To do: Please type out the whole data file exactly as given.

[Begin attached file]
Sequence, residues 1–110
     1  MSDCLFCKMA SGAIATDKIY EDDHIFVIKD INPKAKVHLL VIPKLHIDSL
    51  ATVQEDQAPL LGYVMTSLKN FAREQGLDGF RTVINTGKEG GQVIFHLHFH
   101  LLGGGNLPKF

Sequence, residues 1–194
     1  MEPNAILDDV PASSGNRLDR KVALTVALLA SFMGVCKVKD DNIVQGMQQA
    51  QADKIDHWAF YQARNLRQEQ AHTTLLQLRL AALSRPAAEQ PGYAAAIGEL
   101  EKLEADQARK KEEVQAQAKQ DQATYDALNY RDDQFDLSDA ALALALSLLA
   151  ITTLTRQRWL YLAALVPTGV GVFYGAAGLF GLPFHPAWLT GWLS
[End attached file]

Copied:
Sequence, residues 1–110
     1  MSDCLFCKMA SGAIATDKIY EDDHIFVIKD INPKAKVHLL VIPKLHIDSL
    51  ATVQEDQAPL LGYVMTSLKN FAREQGLDGF RTVINTGKEG GQVIFHLHFH
   101  LLGGGNLPKF

Sequence, residues 1–194
     1  MEPNAILDDV PASSGNRLDR KVALTVALLA SFMGVCKVKD DNIVQGMQQA
    51  QADKIDHWAF YQARNLRQEQ AHTTLLQLRL AALSRPAAEQ PGYAAAIGEL
   101  EKLEADQARK KEEVQAQAKQ DQATYDALNY RDDQFDLSDA ALALALSLLA
   151  ITTLTRQRWL YLAALVPTGV GVFYGAAGLF GLPFHPAWLT GWLS